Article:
Rent’s due at Centennial; some paid less, some paid as much as in January |

Rent’s due at Centennial; some paid less, some paid as much as in January

The 148-unit Centennial rental apartment complex in Aspen’s east side neighborhood qas been sold to an outside real estate investment firm for nearly $51 million. (Kelsey Brunner/The Aspen Times)
Kelsey Brunner/The Aspen Times

The first of the month brought changes in rent for some tenants at Centennial Apartments, but it appears most are still paying the same higher rent they paid in January.

At least 26 units of the 148-unit complex received adjustments on their rents, according to a tenant whose rent payment decreased by 17% from January’s charge. They said the Centennial property manager, Natalie Cairo, told them that rent was adjusted at 26 units.

Birge & Held declined to confirm the number of units that received an adjusted rent for February or how they determined which units received an adjusted rent. They also declined to comment on whether tenants will see more changes in rent charges in the future.

Still, some tenants are stuck with the steep rent hike they first paid in January. After tenants contacted the city in December for help, staff advised tenants to pay the new rents to prevent delinquency and late fees while the city, county, and APCHA worked to resolve the dispute with Birge & Held.

One tenant, who has lived in Aspen for decades and moved into their current Centennial unit in 2004, was notified in December of an impending 32% increase in her rent. 

All renters received a notice of rent raises, but the percentage varied from unit to unit. The majority of units faced an approximate 5% rent increase in January, according to a city official not yet authorized to speak publicly on Centennial matters. 

They said a credit was applied to their rent in February, but the increase still ended up amounting to a 26% increase from what they originally signed on their lease. 

It is not clear what the credit applied to tenants’ rent charges signifies.

The Times is withholding tenants’ identities, as they have said they fear repercussions from APCHA or Birge & Held. 

APCHA Director Matthew Gillen emphasized, “APCHA does not retaliate and applies the APCHA regulations in a consistent manner,” in an email to The Times following a previous story. 

The tenant with the 26% increase also said that APCHA recently upgraded their income category from Category 1 to Category 2. But their new rent falls under the Category 4 maximum rental rate, $2,018/month.

“I don’t want to get in trouble and get kicked out completely. But I am critical of the process and of my government offices,” the tenant said. “How was there no remedy put in before (now)?”

They expressed frustration at the change because their personal finances were based on the set caps for rent and income. 

According to the APCHA website: “The rental rates apply and shall be in effect for at least a 6-month period from the commencement date of the initial lease. Thereafter, the maximum monthly rental rate may be increased only to the extent that the Regulations in effect permit. If there is a conflict between the Regulations and the deed-restriction on the rental property, the most restrictive document will prevail.”

Gillen declined to comment on the apparent discrepancy between the tenant’s category and actual rent, citing a need for more information on the specific case and an inability to comment on Centennial matters.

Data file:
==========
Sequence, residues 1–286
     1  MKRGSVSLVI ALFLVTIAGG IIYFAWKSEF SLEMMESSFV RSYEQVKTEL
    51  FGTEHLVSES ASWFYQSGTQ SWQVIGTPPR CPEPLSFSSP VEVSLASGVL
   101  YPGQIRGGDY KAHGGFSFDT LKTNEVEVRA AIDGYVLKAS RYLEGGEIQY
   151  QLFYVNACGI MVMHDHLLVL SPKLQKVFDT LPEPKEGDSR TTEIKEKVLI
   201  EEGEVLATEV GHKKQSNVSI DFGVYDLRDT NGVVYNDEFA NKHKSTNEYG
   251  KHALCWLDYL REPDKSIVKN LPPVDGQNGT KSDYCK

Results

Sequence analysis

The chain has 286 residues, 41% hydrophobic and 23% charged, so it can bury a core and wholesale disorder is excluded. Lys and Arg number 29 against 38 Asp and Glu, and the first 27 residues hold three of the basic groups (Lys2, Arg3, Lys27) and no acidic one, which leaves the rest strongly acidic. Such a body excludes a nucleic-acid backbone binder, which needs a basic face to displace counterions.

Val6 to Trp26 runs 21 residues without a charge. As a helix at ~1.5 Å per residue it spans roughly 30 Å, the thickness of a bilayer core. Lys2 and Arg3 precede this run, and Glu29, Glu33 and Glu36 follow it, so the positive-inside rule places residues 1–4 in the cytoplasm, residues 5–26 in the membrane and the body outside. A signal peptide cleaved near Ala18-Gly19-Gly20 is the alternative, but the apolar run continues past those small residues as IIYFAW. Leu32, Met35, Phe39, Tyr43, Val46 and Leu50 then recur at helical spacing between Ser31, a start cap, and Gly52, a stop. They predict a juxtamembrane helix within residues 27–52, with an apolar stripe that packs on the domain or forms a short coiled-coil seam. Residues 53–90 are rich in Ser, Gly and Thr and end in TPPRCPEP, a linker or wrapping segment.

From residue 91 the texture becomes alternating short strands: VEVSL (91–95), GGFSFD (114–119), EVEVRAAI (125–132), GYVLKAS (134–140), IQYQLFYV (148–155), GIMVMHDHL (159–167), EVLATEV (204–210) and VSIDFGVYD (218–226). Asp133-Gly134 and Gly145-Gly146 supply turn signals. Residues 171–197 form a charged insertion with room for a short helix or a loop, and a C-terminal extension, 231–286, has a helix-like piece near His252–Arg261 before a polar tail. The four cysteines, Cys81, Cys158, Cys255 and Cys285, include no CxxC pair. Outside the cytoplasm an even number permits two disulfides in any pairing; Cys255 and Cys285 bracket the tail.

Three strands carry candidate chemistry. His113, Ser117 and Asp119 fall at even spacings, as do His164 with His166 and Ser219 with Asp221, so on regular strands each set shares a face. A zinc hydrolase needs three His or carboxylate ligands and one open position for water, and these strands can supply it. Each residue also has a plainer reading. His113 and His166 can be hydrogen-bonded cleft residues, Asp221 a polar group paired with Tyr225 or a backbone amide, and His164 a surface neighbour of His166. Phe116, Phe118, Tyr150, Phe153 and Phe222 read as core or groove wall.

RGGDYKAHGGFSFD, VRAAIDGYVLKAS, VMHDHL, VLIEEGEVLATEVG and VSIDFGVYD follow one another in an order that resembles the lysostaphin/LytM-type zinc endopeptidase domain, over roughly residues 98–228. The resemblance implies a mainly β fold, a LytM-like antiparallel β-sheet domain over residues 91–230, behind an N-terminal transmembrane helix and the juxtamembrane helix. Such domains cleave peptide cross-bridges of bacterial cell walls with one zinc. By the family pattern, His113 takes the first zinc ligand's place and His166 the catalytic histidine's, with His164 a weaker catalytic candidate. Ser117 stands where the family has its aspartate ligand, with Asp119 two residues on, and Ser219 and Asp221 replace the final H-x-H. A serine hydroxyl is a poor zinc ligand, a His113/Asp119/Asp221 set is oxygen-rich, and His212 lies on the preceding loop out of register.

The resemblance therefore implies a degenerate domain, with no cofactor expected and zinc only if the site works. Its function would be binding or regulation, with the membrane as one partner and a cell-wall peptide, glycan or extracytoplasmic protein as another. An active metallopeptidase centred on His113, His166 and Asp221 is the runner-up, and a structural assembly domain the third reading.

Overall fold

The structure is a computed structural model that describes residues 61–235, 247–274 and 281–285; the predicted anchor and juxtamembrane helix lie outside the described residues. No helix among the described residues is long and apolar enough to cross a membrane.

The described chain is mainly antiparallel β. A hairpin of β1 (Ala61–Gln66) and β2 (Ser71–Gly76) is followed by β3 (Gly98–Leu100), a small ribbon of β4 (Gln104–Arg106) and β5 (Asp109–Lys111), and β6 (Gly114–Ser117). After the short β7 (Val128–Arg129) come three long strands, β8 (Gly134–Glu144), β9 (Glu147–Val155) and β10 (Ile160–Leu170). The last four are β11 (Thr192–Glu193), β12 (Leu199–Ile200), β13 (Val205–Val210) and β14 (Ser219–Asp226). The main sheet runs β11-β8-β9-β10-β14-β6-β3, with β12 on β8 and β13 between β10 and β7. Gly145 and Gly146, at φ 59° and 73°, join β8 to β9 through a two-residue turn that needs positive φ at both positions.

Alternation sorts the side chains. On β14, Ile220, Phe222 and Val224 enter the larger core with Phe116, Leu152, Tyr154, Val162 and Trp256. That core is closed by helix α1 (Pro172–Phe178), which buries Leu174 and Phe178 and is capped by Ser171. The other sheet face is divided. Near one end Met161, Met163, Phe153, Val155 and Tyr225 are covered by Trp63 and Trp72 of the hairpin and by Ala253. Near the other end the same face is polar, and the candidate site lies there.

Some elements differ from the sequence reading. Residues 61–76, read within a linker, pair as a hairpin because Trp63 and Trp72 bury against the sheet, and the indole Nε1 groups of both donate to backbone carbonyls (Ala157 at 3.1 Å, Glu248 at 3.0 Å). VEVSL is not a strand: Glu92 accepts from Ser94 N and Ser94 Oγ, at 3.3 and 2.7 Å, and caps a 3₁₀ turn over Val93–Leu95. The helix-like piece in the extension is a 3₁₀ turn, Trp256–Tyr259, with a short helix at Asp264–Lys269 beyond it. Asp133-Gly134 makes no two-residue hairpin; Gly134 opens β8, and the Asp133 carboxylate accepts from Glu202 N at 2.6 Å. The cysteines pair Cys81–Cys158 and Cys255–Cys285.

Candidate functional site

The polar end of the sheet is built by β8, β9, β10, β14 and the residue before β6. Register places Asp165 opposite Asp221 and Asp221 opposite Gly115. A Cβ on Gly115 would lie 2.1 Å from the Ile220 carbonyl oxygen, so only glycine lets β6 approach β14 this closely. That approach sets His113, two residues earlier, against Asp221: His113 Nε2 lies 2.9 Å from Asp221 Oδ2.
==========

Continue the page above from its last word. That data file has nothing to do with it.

In an addendum tagged onto at least two leases reviewed by The Times, Birge & Held has the right to raise rents. It reads: “Pursuant to the Agreement with Aspen/Pitkin Housing Authority, Landlord is permitted to increase the monthly rent during the term of this lease, beginning on January 1st in each subsequent year. The maximum monthly rental amount for all such units in the Centennial Apartments may be increased over the maximum monthly rental permitted for such units during the prior calendar year, whether actually rented at such rate or not during the prior calendar year, by a percentage amount equal to the percentage change in the Urban Index during the twelve months ending on July 31 of the prior calendar year. Landlord agrees to give tenant not less than ten (10) calendar days notice prior to the effective date of Increase.”

This references a 1994 settlement between original Centennial owner Centennial Aspen II Limited Partnership and Pitkin County, the Board of County Commissioners of Pitkin County, the city of Aspen, the City Council of Aspen, the Aspen/Pitkin County Housing Authority, and the Board of Directors of APCHA over the right to increase rental limitations.

At least one tenant does not have this addendum attached to her lease, and said she does not recall signing an addendum with that language. 

Centennial Apartments is the oldest deed-restricted complex in the city with 148 affordable-housing units. 

The deed restrictions are set to expire at the end of the 21st year following the death of the last member of the Pitkin BOCC who approved the development. Michael Kinsley is in his 70s and lives in Old Snowmass. 

The city of Aspen in was set to buy the deed restrictions for $10 million, but the deal fell through in 2020 because the two sides couldn’t agree to terms.

If the city had bought the deed restrictions, rent prices would have been capped in perpetuity.

The city, county, and APCHA continue their closed-door negotiations with Birge & Held, discussing interpretation of the settlement and the rent hikes tenants face — most recently, on Tuesday, Jan. 31. 

A time or date for the next executive sessions regarding Centennial is not clear, nor is it clear when local officials will be able to speak publicly on the matter.